Japanese Blossom

Sushi and beyond at Santa Rosa’s Yao-Kiku

By Paula Harris

Yao-Kiku is lively tonight. Settled into my favorite little table, the one under the crazy, colorful painting of the sword-wielding Samurai pool player, I curl my cold hands around a flask of boiling sake and watch the action.

The small sushi bar, which is presided over by owner Sam and his adept fish-slicing, rice-molding team, curves around one side of the dining room and is decorated with Japanese dolls and other knick-knacks. It’s always a prime location for entertaining diners.

Tonight, a group of four Japanese men are perched on the high bar chairs. They intersperse mouthfuls of gleaming raw fish sashimi with raucous laughter and slugs of premium chilled sake.

A fawning couple at a nearby table order the una-ju, eel with special sauce served on rice. According to Japanese lore, unagi (eel) builds stamina. It’s eaten during the hottest months to avoid exhaustion, and anytime as an aphrodisiac. Hmm, maybe this pair is on to something.

At another table, a family introduces their young-uns to shrimp tempura. The kids munch and crunch happily, wielding the batter-dipped tidbits like french fries.

Yao-Kiku is a comfortable neighborhood joint tucked away in the heart of a strip mall on Santa Rosa’s Yulupa Avenue. The restaurant’s reputation for using the freshest ingredients, sometimes flown in from Japan, keeps customers coming back for more.

The partly screened dining room is small, orderly, and minimalist. It’s decorated in shades of gray and burgundy. Plain tables are set with wooden chopsticks in paper packets and burgundy linen napkins.

The service is gracious and attentive. If you drop a chopstick or run out of sake, someone usually notices right away.

A meal here usually commences with a bowl of steamy, fortifying miso soup and a green salad (both included with the dinner entrées, along with steamed rice). Yao-Kiku’s miso is a great version of the Japanese staple and is enlivened with cubes of tofu and strips of seaweed lurking at the bottom.

The salad is a pile of chilled, crisp Sonoma greens and carrot pieces with tangy dressing that tastes of mirin, a rice wine vinegar.

Appetizers are a bit hit-and-miss. The gyoza ($6)–Japanese-style pot stickers–are tasty and generously filled with minced pork and veggies. But the chicken tatsuta ($7), boneless chicken bits marinated in ginger sauce, is covered in too much batter and is a disappointment.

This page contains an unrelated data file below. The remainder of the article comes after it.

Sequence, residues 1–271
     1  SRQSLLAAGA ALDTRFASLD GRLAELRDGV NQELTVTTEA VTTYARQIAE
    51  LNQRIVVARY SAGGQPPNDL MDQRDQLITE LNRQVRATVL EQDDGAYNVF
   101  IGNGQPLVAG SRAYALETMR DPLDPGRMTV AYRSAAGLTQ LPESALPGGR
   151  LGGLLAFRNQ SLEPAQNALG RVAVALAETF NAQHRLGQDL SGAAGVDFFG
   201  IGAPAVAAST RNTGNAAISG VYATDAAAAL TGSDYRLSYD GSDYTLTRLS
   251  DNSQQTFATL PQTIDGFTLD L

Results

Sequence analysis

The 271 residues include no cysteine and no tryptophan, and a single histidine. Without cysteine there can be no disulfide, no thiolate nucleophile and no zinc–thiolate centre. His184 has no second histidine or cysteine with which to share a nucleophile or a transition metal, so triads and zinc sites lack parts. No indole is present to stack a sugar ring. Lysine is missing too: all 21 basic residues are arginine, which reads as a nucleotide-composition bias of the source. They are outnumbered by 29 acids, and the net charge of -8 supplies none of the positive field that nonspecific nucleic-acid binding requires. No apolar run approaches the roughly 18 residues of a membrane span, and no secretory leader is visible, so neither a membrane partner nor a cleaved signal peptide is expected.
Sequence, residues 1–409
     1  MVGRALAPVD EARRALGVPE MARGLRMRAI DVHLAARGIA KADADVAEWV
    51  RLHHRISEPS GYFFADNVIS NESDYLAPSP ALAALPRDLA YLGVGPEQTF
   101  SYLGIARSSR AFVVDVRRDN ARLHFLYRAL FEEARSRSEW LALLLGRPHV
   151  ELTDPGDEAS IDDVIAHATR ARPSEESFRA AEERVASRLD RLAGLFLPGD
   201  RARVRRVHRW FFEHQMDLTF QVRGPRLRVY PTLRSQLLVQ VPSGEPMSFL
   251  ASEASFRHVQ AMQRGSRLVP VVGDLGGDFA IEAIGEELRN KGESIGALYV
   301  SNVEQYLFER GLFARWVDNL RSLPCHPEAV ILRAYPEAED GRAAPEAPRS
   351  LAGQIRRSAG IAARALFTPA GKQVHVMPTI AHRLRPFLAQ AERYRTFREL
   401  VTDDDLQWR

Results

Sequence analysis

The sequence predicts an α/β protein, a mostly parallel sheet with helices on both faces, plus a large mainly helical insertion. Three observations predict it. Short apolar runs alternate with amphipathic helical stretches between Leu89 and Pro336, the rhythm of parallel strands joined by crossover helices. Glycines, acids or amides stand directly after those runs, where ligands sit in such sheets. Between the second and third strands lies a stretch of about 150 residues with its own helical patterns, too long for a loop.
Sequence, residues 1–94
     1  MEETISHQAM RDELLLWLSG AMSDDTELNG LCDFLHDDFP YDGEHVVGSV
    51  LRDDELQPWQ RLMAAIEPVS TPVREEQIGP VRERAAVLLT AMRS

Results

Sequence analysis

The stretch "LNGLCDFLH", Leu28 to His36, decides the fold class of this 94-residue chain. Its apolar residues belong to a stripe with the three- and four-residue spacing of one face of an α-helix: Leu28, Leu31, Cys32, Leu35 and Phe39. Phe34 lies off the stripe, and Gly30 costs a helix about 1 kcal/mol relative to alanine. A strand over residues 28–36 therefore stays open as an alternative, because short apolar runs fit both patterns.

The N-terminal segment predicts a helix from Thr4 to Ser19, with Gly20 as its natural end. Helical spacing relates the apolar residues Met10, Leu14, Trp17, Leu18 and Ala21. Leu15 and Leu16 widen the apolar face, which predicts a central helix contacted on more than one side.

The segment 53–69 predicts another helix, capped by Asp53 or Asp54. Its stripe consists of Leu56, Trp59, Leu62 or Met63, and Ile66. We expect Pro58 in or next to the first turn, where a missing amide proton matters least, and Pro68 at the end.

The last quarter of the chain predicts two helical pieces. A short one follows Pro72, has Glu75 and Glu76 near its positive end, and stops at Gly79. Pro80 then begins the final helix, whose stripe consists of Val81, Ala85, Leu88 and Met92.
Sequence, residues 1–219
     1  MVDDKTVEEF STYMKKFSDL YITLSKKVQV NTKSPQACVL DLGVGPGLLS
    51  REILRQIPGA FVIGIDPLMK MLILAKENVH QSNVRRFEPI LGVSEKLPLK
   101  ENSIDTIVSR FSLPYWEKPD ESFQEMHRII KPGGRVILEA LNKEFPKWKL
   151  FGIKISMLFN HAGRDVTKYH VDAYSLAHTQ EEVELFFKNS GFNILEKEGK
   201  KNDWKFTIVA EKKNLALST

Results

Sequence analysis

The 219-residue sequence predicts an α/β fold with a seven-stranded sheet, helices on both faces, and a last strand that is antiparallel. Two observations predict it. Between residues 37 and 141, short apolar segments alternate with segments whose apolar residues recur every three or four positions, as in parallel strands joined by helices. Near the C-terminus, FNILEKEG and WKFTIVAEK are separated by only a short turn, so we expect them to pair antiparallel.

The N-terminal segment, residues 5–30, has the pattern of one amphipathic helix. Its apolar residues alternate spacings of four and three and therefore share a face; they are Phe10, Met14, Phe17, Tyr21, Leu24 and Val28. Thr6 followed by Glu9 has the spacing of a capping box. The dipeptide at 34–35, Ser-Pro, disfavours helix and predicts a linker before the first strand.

Gammo ($5.50), a steamed vegetable tofu cake with ginger sauce, is another letdown: In a small black cauldron, flavorless, spongelike tofu ovals float in a bland watery liquid.

But things get back on track with the hamachi kama ($8), broiled collar of yellowtail. Use your chopsticks to poke around the nook and crannies for sweet morsels of this dense white fish that’s reminiscent of swordfish.

Yao-Kiku offers a limited, reasonably priced wine list, but many diners opt for the hot or chilled sake or a Japanese beer.

Noteworthy entrées include the yose-nabe ($16-$18), an enormous, ceramic serving bowl filled with tasty treasures of seafood, chicken, or vegetable. The veggie version boasts a rainbow mix of carrots, red pepper, broccoli, onion, celery, scallions, shitake mushrooms, green beans, two kinds tofu, opaque udon noodles, and transparent glass noodles in miso broth. The bowl of steamed sticky rice on the side seems like overkill.

Another great choice is the salmon teriyaki ($16). A generous portion of tender, pink salmon glazed with a slightly gingery teriyaki sauce comes with starch galore–noodles, rice, and roast potatoes. I’ve sampled the salmon teriyaki in at least four other local Japanese restaurants, and Yao-Kiku’s version wins hands down.

Of course, many raw fish addicts come here for the superior sushi. And if you know your aji from your ebi and uni (Spanish mackerel, prawn, and sea urchin) this place is for you. Yao-Kiku serves a broad selection of both maki (rolled) sushi and nigiri (wrapped or layered) sushi.

More unusual sushi choices include herring eggs, giant clams, pickled plum and leafstick, and pickled Japanese radish. At one time the restaurant served a refreshing aloe vera sushi, but I haven’t seen it here in a while.

If you have room for dessert (I never do), there’s green tea or mochi (short-grained glutinous rice) ice cream. With the check come sections of fresh orange, and also some intensely flavored coffee candy, a very weird choice after sushi.

Still, Yao-Kiku is a consistently great place for a relaxed, informal neighborhood meal. Give it a try (but note that they don’t accept personal checks).

Yao-Kiku Address: 12700 Yulupa Ave., Santa Rosa. 707.578.8180. Hours: Mon-Fri 11:30am to 2:30pm; Sat 4:30 to 9 :30pm; Sun 4:30 to 9pm. Food: Japanese Service: Attentive and gracious Ambiance: Happy, neighborhood haunt Price: Moderate Wine list: Limited wine selection, premium sakes available Overall: Three stars (out of four stars)

From the January 31-February 6, 2002 issue of Metro, Silicon Valley’s Weekly Newspaper.

© Metro Publishing Inc. Metroactive is affiliated with the Boulevards Network.

For more information about the San Jose/Silicon Valley area, visit sanjose.com.

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